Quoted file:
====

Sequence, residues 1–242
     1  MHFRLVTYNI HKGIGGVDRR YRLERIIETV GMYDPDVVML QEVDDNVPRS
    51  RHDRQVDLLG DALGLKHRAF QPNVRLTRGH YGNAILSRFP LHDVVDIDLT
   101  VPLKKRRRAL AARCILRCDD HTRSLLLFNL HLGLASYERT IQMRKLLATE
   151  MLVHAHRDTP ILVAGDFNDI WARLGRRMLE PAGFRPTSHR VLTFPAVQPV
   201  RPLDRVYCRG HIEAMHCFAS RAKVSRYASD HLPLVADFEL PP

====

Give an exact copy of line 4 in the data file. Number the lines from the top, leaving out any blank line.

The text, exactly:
   101  VPLKKRRRAL AARCILRCDD HTRSLLLFNL HLGLASYERT IQMRKLLATE